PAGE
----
Overview Franz Josef Land, map
General, landscape: Alexandra Island with ca. 1050 km² isthe fourth biggest island of the archipelago, situated in its Northwest. Its larger southwest part (Moon Ice Cap) and a monor part in the East (Kropotkina Ice Cap) are covered almost completely by two ice caps, out of which only a few capes, promontories and coastal rock faces protrude. Among these capes: Cape Mary Harmsworth as the westernmost point, Cape Lofley and Cape Ludlow in the south and Cape George Thomas as the easternmost promontory. On the northern shore, the rocks of Cape Nimrod are most markant. The north of Alexandra Land is quite different to the heavily glaciated south: a relatively flat, hilly tundra region with numerous ponds and ice-age moraine ridges - one of the largest ice-free zones of the whole archipelago. The highest point of the island is the top of Moon Ice Cap, with about 380 m.
Climate, light: Alexandra Land´s northern latitude is up to almost 81°N - here, polar day lasts permanently from about April 10th to September 5th. Snow melts away for only a few weeks on the ice-free areas. Annual average temperature is -14,8°C. So far observed extreme temperatures: -48,9°C and +13,8°C. As everywhere in Franz-Joseph-Land, amounts of precipitation are fairly low, though the sky can be overcast frequently.
Research has shown that the extensive tundra areas of the high North of Alexandra are free of glacier ice since probably more than 8500 years. From some coastal areas, the ice retreated even about 10500 years ago. Reindeer antlers found on Alexandra Land were dated to ages of almost 6000 to about 4000 years, giving evidence of long post-iceage periods with a milder climate allowing sufficient vegetation for sustaining a reindeer population before a gradual cooling set an end to this episode.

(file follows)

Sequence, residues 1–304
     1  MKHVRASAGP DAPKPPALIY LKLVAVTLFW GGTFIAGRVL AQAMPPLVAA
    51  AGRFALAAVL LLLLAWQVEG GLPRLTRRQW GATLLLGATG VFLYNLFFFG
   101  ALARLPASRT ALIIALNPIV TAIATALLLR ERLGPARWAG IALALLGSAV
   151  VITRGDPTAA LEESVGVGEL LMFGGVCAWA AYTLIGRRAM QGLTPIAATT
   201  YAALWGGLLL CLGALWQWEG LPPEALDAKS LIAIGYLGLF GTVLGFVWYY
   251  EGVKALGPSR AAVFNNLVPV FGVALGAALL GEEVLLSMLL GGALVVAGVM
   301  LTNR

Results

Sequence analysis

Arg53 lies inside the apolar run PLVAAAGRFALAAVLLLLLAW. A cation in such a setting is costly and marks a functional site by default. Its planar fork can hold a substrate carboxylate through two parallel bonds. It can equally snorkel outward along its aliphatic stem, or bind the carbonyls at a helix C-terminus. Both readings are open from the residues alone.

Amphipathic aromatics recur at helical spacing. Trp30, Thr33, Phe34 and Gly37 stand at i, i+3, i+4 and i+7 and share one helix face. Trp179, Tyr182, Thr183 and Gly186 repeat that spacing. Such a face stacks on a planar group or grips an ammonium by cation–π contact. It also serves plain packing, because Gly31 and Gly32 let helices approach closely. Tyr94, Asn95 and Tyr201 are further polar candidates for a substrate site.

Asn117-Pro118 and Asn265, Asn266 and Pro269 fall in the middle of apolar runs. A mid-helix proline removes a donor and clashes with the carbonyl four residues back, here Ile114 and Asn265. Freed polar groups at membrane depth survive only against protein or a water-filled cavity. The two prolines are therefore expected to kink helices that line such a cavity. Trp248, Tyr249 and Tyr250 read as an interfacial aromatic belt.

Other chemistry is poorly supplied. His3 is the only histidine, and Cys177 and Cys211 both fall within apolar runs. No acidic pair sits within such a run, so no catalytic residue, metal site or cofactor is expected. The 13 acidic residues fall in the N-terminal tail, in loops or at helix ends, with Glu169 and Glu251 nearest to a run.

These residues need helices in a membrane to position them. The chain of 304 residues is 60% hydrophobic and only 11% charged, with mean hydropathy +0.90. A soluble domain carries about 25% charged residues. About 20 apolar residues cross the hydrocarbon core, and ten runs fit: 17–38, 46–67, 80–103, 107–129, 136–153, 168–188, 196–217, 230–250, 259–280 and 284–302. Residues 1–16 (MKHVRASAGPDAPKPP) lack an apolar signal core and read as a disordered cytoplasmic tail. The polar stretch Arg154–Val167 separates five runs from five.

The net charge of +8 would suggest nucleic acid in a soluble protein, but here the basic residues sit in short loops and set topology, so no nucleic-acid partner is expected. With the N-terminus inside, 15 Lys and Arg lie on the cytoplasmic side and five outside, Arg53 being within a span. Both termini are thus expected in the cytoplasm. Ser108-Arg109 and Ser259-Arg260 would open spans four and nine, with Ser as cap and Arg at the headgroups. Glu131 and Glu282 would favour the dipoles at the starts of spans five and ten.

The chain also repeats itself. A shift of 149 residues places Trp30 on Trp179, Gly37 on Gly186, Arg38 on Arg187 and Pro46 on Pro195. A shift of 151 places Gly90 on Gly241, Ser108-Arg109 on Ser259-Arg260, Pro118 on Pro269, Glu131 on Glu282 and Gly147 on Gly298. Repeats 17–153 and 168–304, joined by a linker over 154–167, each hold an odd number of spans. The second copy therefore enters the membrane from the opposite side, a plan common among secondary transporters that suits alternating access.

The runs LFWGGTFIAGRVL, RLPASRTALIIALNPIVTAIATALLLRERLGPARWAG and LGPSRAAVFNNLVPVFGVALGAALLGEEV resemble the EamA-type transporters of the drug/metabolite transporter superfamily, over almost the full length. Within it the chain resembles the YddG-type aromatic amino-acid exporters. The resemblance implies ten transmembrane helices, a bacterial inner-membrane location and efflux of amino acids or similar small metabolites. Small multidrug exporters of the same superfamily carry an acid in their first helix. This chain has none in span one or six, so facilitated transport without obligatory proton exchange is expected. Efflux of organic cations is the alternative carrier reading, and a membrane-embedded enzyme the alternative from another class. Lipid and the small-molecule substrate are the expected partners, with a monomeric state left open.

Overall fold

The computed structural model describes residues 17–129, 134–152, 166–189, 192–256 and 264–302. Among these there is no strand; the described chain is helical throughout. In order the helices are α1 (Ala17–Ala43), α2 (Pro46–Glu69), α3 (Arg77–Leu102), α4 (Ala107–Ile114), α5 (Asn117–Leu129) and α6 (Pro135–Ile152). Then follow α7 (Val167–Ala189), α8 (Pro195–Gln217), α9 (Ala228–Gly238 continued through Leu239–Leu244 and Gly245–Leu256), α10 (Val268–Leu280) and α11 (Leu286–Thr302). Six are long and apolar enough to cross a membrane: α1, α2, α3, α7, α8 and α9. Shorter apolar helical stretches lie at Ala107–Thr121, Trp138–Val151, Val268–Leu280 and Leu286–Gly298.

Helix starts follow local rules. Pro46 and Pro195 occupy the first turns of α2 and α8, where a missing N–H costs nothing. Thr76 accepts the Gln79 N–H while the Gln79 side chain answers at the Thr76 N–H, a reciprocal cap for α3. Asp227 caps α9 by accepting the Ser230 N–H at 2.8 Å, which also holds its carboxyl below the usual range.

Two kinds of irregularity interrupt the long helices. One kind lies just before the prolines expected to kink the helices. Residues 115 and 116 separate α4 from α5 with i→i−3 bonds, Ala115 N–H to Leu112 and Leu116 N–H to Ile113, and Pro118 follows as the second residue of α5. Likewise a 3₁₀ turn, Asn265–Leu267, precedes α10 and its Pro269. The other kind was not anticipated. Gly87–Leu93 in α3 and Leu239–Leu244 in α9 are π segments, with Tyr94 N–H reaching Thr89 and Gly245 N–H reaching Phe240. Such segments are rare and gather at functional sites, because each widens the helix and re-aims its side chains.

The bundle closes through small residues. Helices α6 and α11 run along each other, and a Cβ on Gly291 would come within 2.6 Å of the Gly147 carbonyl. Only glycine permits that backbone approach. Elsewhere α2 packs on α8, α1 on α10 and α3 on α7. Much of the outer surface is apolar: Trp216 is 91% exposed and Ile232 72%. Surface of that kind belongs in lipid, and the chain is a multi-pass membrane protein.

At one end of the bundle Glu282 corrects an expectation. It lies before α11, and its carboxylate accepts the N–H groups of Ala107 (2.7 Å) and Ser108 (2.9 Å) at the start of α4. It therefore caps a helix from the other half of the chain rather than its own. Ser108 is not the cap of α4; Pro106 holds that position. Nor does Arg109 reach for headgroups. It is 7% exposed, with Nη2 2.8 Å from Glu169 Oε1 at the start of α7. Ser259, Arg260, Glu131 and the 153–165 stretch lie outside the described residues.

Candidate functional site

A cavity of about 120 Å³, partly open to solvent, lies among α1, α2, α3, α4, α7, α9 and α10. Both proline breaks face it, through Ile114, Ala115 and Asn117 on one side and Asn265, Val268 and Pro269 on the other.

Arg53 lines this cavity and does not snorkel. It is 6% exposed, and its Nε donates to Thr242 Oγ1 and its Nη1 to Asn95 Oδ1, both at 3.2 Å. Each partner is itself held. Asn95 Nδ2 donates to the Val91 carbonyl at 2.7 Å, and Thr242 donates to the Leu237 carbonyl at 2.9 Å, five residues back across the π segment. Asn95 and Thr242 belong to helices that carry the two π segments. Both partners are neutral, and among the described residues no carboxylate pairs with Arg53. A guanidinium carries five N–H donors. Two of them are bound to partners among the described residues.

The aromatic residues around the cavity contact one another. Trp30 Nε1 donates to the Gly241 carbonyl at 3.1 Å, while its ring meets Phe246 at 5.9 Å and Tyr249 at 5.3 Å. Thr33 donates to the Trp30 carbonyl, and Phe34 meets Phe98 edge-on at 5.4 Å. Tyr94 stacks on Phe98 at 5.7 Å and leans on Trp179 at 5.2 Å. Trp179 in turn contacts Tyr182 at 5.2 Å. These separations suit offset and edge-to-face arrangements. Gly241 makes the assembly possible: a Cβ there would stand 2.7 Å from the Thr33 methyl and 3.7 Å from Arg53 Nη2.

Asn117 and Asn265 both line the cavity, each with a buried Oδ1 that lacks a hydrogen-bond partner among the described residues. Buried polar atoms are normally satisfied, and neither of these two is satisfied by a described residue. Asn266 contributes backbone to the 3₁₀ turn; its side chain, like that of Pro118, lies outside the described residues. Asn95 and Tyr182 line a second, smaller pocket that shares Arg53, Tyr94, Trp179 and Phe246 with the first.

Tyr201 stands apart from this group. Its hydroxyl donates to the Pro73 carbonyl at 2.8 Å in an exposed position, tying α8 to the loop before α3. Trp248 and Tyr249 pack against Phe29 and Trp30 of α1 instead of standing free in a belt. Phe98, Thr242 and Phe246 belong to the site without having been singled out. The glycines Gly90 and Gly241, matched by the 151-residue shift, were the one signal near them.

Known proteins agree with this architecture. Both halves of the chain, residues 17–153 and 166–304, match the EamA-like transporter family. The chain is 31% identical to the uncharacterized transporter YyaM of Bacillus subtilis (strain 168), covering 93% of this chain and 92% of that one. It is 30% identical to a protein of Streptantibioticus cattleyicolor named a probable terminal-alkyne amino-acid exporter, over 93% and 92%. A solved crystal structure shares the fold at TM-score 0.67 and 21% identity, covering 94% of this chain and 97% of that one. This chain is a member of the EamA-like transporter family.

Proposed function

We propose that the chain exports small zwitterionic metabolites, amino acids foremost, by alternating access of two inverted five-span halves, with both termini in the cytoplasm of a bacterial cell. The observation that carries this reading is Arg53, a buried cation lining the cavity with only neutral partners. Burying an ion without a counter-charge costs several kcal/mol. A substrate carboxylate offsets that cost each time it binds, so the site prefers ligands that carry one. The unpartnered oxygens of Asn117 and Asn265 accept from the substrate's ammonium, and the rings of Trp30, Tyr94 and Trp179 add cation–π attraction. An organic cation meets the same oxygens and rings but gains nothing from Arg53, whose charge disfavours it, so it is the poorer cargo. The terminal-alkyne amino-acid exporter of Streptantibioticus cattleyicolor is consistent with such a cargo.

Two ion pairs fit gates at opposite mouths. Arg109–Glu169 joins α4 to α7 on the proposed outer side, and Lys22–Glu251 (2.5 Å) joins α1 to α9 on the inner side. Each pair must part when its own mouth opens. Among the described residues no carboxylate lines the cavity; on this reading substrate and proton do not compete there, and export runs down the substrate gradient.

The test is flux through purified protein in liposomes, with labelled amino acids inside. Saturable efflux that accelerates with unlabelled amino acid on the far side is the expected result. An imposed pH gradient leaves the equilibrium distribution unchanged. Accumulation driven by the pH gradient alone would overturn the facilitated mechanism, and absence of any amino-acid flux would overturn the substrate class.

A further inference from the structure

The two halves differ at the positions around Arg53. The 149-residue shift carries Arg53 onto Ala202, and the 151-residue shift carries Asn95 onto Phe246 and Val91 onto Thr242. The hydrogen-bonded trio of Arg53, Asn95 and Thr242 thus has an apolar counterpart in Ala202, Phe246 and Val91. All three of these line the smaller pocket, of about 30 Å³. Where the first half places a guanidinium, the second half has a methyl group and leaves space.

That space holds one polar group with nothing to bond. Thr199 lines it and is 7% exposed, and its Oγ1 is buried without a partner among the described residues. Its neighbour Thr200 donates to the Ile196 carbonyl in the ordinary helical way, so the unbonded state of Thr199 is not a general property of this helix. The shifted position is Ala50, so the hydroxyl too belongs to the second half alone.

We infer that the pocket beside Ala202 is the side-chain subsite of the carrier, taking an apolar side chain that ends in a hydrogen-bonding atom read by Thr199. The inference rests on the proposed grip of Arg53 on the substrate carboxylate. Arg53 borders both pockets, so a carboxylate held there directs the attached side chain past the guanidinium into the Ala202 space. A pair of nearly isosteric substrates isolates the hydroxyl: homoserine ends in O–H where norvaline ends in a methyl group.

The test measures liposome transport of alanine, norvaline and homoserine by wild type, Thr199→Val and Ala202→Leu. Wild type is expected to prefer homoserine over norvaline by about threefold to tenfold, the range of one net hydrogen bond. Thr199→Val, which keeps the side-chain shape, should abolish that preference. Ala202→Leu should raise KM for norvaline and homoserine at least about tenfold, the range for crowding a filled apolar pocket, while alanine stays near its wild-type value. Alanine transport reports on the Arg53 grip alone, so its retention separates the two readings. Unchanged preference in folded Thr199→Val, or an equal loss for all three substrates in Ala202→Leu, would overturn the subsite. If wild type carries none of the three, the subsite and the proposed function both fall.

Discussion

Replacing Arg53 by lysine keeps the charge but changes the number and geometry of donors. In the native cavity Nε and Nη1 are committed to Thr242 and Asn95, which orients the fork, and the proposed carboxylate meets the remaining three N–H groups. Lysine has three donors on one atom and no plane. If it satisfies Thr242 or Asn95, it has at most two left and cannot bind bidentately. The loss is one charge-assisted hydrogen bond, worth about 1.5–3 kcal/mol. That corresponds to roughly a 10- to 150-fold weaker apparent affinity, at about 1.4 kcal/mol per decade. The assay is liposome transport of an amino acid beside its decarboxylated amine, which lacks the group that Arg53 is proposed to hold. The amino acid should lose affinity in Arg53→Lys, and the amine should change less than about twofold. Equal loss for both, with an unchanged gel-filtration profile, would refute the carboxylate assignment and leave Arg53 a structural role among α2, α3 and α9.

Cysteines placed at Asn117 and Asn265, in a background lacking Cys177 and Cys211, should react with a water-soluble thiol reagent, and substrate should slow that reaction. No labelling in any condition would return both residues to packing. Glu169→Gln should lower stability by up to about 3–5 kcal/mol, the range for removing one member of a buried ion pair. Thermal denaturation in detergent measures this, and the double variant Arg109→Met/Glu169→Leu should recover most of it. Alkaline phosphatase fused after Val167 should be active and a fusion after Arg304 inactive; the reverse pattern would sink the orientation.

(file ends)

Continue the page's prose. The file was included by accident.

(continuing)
Geology: Next to Nagurskoe, an exploratory drilling was done in 1977 in search of coal deposis to a depth of 3204 m. The uppermost 1900 m were cretaceous, triassic and carboniferous sediments, followed by vendian metamorphites. Both sediments and metamorphites were separated repeatedly by in total 21 intrusive layers of 2-20 m thickness, 3 of them between sediments. These intrusions document a long-lasting history of vucanism in the natural history of the islands.
History to presence: The first definite sighting of the island can be ascribed to the Leigh Smith Expedition of 1880, which in August reached Cape Neale ((Prince George Land) before being stopped by ice on its course, but was able to identify clearly two new capes in the northwest, calling them Cape Ludlow and Cape Lofley (captain of EIRA). Leigh Smith called the discovered coasts west of Cape Grant Alexandra Land after the wife of George Prince of Wales, while he kept the name Zichy Land (TEGETTHOFF expedition 1874) for the eastern coast of Prince George Land - not knowing, that what he regarded as one huge land mass, was in reality 2 separate islands. Discovering this was left to the Jackson-Harmsworth Expedition (1894-97), which mapped the southwest of Alexandra Land by ship and explored the remaining parts in spring 1897 on a long sledge tour, during which today´s Moon Ice Cap was named as Payer glacier and HMS WORCESTER glacier, and which introduced also most of the cape names valid until today. A major discovery of the Jackson-Harmsworth Expedition was that the areas formerly summarized under Zichy Land and Alexandra Land consisted in reality of 2 major islands. As Leigh Smith had chosen the name Alexandra Land already for the western part, Jackson kept this name for the western island and named the eastern island after Alexandras husband Prince George Land.